The Bad Pants Open is an ode, a salute, to golf's old reputation of being the game with the worst dressed participants. People come from all over the country to take part in the event and, of course, they carry along with them some seriously nasty looking trousers - lime green, plaid, canary yellow knickers, and sky blue bell bottoms. Pants that should never had been made let alone purposely purchased to wear on a golf course somewhere.
This may be the only competition where the pants a golfer wears is more important than the score he shoots.
The owner of Indian Lakes, First Hospitality Group, believes it is in the process of turning the resort into an upscale, state-of-the art golf complex. And that job not only involves the renovations to the golf courses, but also a huge re-do of the resort itself.
The resort's 314 rooms have all been upgraded. The dining facilities, the lounges and the meeting and banquet rooms are brand spanking new. Plus, the new atrium and lobby at Indian Lakes is quite impressive. A beautiful, open entry into the resort's new era.
One of the major new additions at Indian Lakes is Spa Vargas. This is a new full-service spa that features massages, manicures, and facials, all in a calming and comforting environment.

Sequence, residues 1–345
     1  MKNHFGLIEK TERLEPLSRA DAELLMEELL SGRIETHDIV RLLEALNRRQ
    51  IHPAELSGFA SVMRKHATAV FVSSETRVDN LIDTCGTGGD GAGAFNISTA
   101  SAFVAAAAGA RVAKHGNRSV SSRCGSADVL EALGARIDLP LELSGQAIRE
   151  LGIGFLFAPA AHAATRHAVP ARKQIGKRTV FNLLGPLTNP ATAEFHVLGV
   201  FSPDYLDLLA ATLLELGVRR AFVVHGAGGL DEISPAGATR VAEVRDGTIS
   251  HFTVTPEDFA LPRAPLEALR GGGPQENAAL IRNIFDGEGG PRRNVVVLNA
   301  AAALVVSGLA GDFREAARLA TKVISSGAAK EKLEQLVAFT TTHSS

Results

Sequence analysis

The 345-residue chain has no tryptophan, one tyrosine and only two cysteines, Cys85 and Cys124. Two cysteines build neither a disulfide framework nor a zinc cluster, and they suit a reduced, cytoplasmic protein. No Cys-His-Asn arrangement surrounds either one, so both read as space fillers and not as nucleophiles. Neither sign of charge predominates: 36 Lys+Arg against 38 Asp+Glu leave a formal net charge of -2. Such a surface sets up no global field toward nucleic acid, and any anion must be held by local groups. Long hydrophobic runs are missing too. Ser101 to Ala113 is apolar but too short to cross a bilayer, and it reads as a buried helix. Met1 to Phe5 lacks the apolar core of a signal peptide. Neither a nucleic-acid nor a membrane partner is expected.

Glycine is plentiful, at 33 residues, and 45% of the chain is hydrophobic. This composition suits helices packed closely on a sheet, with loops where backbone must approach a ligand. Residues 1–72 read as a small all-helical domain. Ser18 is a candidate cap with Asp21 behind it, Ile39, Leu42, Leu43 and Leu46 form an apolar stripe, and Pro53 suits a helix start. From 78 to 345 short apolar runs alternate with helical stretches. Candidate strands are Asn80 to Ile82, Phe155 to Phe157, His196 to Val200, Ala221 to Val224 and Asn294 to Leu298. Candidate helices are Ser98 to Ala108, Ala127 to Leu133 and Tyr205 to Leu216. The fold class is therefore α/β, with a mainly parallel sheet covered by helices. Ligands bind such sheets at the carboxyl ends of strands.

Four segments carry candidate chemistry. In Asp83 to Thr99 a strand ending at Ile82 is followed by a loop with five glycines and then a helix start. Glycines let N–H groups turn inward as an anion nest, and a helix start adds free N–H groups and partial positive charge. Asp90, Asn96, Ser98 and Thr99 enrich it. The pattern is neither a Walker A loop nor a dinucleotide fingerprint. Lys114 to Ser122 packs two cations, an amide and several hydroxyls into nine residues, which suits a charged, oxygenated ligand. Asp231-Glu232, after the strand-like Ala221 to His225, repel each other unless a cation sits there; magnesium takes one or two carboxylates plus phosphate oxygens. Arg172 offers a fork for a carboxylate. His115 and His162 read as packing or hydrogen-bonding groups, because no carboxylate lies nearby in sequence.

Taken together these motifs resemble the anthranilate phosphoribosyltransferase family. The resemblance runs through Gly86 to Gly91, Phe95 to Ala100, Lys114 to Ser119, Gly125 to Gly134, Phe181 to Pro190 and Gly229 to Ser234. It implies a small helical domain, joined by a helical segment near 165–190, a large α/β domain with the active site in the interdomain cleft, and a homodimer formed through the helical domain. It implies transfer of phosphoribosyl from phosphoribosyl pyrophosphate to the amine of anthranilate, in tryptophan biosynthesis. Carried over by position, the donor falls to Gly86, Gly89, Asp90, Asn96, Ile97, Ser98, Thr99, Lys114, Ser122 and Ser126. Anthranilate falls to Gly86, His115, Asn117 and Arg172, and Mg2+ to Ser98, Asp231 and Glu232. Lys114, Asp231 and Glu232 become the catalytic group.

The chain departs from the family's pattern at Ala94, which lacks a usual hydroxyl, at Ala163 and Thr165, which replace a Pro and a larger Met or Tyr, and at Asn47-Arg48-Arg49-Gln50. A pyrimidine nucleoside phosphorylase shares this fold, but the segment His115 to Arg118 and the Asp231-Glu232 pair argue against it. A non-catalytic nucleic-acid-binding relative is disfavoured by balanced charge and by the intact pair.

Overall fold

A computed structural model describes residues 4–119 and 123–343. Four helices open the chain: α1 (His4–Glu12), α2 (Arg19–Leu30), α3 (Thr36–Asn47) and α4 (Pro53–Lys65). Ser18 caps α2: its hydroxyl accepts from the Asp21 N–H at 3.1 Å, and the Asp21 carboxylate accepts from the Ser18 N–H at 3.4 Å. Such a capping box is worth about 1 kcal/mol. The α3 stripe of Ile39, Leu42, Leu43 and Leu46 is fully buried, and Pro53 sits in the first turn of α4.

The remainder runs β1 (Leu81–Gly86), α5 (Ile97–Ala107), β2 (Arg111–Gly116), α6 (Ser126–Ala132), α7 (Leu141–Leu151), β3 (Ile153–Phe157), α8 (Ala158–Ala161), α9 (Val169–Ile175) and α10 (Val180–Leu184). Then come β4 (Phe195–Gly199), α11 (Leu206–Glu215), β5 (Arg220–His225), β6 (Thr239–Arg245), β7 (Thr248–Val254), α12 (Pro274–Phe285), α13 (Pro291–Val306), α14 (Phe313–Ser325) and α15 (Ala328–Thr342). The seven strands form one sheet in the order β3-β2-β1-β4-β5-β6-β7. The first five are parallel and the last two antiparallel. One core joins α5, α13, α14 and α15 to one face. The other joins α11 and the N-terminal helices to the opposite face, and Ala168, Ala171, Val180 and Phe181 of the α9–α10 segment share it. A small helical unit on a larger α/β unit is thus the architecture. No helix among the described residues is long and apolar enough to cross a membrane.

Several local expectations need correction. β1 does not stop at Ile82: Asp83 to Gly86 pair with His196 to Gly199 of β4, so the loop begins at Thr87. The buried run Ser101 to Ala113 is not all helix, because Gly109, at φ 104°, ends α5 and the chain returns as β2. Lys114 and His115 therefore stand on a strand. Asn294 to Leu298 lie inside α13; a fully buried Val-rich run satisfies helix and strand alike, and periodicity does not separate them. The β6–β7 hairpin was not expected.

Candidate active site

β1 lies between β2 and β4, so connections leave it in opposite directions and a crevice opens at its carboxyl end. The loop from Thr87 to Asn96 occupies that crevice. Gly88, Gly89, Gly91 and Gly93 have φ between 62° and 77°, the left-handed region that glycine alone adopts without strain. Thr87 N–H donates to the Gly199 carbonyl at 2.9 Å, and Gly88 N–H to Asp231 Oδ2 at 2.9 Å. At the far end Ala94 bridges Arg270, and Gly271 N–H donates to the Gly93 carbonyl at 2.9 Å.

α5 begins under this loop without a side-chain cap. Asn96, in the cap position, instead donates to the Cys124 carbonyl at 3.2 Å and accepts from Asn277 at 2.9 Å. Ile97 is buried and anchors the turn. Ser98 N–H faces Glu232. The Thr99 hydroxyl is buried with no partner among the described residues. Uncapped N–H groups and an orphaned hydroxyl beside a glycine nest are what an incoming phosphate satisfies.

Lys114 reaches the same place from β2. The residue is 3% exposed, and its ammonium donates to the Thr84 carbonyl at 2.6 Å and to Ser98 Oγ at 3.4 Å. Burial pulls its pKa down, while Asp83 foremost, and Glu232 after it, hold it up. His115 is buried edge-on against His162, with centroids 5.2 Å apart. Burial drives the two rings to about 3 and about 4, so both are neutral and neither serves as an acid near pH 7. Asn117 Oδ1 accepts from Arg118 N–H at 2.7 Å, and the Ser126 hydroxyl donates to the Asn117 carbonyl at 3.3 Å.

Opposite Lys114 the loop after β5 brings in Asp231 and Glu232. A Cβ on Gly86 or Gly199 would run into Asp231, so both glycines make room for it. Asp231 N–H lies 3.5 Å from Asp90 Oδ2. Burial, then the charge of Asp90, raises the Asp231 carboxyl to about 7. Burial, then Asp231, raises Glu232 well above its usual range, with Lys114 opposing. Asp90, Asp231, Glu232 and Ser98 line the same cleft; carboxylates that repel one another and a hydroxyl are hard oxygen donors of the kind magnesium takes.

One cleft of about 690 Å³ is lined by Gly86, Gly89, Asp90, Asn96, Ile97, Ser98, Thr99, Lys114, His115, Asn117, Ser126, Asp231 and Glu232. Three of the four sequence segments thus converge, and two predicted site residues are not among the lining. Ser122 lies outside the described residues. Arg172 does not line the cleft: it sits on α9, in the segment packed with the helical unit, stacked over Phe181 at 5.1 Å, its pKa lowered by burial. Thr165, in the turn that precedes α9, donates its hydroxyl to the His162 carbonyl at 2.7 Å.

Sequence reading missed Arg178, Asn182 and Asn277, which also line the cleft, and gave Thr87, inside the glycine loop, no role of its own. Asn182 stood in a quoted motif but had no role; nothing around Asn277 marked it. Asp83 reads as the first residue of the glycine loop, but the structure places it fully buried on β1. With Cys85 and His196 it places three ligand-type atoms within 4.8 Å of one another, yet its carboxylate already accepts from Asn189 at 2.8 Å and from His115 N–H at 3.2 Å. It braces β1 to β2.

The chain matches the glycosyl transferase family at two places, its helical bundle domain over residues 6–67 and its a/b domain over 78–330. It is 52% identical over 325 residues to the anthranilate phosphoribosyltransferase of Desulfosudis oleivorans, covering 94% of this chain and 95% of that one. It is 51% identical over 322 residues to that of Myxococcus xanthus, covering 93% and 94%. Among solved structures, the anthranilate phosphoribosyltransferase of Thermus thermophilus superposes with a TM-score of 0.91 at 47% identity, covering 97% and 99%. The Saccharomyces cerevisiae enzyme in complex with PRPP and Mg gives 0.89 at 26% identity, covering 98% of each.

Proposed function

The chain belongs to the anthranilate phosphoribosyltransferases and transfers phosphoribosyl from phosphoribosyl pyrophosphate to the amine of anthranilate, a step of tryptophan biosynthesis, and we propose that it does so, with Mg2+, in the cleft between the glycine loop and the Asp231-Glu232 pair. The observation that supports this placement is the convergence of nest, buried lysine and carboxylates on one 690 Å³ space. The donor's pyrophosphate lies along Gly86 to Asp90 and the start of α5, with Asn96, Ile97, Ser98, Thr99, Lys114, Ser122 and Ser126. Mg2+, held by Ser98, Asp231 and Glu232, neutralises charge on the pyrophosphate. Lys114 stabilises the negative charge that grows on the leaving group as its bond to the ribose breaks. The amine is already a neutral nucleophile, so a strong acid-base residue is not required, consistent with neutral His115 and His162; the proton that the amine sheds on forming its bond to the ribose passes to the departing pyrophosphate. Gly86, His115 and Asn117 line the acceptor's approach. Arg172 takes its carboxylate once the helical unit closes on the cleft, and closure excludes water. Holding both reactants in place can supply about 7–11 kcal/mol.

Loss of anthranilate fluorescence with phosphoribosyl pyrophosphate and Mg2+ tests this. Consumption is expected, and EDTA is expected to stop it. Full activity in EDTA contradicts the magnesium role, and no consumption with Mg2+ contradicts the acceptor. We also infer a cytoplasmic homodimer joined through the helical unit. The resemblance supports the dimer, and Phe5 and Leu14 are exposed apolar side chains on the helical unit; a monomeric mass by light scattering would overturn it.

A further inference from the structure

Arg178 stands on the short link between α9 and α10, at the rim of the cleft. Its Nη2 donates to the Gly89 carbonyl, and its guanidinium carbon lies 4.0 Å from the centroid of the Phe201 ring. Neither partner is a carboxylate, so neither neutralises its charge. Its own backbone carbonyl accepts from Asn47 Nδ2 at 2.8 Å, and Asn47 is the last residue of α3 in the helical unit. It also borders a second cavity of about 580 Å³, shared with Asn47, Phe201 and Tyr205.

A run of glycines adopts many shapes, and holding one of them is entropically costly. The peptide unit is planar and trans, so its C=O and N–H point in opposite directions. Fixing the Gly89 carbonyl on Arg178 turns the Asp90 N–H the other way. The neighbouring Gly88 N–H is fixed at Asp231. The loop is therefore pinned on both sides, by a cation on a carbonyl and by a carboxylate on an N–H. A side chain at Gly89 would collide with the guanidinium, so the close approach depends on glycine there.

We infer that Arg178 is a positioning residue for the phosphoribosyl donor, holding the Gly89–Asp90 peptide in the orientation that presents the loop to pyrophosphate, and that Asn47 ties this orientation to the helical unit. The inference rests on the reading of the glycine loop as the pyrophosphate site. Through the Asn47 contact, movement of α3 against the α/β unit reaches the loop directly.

Food is also a new focus at Indian Lakes. Chicago-based Levy Restaurants is managing the resort's food and beverage operations. That may not seem such an important detail to many, unless you know Levy's legacy in Chicago. Levy Restaurants operates some of the most popular spots in town - Sporangia, Mia Torre, and Bistro 110.
The resort is 25 miles from Chicago's Loop and just 12 miles from O'Hare International Airport.
It all appears to be a great mix - a renewed golf experience, superior new food, totally updated rooms, and a new spa designed to awaken and reinvigorate. Indian Lakes is clearly ready to become a new hot spot around Chicago.
From Chicago: West on I-290 to Lake Street Exit. Follow Lake west to Bloomingdale Road and make left. Right onto Schick Road.
From O'Hare: I-190 East to I-294 South. Merge to I-290 toward Rockford. Exit at Lake Street. Go west to Bloomingdale Road and turn south. Right onto Schick Road.
July 15, 2003